Film: Haseen Dillruba
Director: Vinil Mathew
Cast: Taapsee Pannu, Vikrant Massey, and Harshvardhan Rane
Stars: 3.5 out of 5
Love is complicated and messy but keeping a marriage alive requires diabolical strength, or so you feel after watching Taapsee Pannu and Vikrant Massey’s wicked psychological thriller ‘Haseen Dillruba’.
Directed by Vinil Mathew, the film shines the spotlight on the narcissistic and wily Rani (Pannu) who marries the seemingly diffident Rishi (Massey) on a whim.
The wimpy Rishi feels he has married above his station and class and Pannu never lets him forget that she’s the ultimate catch for him. Initially, it looks like they are not on an even playing field. Pannu as the hyper-confident woman is perfectly cast, while Massey hits all the right notes as an unsure young man who can’t seem to do anything right in Rani’s eyes. She’s the queen of his heart, while she’s always cracking the whip and cutting him to size. Both actors play off each other’s energies with aplomb and the film with its strong undertones of humour hit all the right spots.
Writer Kanika Dhillon brings alive small-town stories with such finesse and never dumbs down her characters as stock country bumpkins — a charge that has often been levelled against Hindi films set in the world of Indian satellite towns.
Pannu as the bold and obnoxious Rani is a treat to watch. Her eccentricities and twisted ideas of love, lust and passion are questionable, but she’s never detestable to her viewers. Even Massey — for all his mousiness and superficial kindness — isn’t straight as an arrow. All the characters in this film are uniformly crooked and warped. Their marriage is off to a rocky start and doesn’t start with the proverbial bang (quite literally). Just as they hit a rough patch, temptation comes in the form of a bodacious cousin, played by Harshvardhan Rane.
The film concentrates on the deeds or misdeeds of these three terrifyingly nutty players. Of all the three characters, it’s Rane’s character that’s not as fully fleshed out. His turn towards the end doesn’t add up, but there’s a lot of fun in this film.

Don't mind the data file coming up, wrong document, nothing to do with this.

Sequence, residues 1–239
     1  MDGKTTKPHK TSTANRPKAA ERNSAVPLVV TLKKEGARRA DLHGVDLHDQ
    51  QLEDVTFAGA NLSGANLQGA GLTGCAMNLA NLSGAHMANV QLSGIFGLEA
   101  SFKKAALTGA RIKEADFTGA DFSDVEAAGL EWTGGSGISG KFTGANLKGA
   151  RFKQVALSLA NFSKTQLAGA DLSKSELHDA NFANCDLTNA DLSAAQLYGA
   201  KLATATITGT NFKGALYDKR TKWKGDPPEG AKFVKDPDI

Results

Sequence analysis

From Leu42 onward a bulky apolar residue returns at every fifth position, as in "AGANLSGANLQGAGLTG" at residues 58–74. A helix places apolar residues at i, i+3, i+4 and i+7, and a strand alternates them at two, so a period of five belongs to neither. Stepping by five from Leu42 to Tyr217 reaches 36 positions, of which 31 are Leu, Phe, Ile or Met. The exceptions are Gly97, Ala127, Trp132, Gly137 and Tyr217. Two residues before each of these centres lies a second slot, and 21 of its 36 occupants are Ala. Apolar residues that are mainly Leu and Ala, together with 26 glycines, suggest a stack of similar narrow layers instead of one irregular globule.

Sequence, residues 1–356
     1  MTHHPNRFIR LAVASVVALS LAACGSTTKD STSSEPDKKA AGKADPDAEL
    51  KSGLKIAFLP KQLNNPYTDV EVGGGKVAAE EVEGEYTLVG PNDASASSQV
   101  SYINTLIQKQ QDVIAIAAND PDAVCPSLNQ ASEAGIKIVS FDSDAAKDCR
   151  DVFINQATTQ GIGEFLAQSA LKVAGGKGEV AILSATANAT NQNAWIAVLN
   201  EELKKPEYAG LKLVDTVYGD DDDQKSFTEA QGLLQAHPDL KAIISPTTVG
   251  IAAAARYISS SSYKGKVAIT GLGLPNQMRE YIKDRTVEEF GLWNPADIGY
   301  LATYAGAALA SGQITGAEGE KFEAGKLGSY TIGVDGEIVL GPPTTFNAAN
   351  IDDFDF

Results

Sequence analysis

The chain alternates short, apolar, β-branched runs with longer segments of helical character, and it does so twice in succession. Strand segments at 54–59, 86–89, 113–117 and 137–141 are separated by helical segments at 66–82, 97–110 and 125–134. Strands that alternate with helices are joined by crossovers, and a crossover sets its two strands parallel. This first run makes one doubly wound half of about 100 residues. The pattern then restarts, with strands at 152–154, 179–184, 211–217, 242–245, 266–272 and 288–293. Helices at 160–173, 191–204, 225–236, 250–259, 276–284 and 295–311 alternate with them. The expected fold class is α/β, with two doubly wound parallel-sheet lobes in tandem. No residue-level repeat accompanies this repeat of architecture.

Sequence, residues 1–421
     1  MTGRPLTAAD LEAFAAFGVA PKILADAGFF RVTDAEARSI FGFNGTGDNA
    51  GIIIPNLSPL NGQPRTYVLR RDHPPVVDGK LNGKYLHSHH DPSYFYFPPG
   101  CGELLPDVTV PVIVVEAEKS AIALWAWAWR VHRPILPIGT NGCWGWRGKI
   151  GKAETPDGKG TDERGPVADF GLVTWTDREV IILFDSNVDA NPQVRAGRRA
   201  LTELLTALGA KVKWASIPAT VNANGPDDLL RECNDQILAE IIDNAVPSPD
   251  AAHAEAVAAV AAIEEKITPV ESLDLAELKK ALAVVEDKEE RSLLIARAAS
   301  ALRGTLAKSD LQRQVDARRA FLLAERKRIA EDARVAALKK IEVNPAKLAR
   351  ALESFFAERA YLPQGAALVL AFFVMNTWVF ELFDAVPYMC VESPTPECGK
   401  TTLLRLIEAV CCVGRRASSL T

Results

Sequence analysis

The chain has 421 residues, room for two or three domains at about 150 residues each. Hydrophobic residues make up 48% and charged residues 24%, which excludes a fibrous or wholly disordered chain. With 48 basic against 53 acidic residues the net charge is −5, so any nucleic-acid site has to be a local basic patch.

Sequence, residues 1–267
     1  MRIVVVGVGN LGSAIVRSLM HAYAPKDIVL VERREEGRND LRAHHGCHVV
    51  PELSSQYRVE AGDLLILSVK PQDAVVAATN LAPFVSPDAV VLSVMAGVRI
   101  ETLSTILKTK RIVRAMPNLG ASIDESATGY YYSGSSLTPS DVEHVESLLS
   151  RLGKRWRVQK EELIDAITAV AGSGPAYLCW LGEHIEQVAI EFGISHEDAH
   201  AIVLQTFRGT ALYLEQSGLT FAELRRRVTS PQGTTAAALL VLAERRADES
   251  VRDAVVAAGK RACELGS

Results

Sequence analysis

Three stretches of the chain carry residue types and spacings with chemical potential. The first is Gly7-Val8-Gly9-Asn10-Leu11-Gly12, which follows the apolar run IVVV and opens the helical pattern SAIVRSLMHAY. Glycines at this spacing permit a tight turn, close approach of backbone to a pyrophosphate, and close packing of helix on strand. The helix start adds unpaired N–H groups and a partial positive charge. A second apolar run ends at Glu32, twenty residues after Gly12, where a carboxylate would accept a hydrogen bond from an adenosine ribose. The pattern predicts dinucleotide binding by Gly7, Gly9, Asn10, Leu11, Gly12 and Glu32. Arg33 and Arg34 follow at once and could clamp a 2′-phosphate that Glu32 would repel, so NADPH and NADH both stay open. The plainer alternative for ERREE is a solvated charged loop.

This movie isn’t your traditional love story. It begins on a sordid note where Rani loses her husband and she’s the prime suspect in the investigations. But the way in which she tries to prove her innocence — in the sassiest and sultriest manner — earns our reluctant respect. The interrogations by the sexist police officers who look at a good-looking woman like Rani with immediate suspicion is captured with a keen eye in this film. The movie touches upon the concept of arranged marriages, sexual dysfunction, infidelity, and the expectations of love with a strong hand.
A few twists in the film — especially Rani’s changed perceptions of her doting, docile husband — may be too sudden or hard to swallow, but Pannu with her strong acting chops sell it effectively. Massey’s approach to his insecurities as a male with a fragile ego is spot on.
Be warned, this is no tidy love story with happy endings. But the movie comes alive due to the solid performances.
While the ending doesn’t surprise you, you can’t help marvel that the makers have brought alive a love story with a lot of crazy in them. Put a ring on it, if you get your kicks from dysfunctional lovers who stop at nothing to prove their love for each other. It’s toxic and troubling, but there’s fun to be had.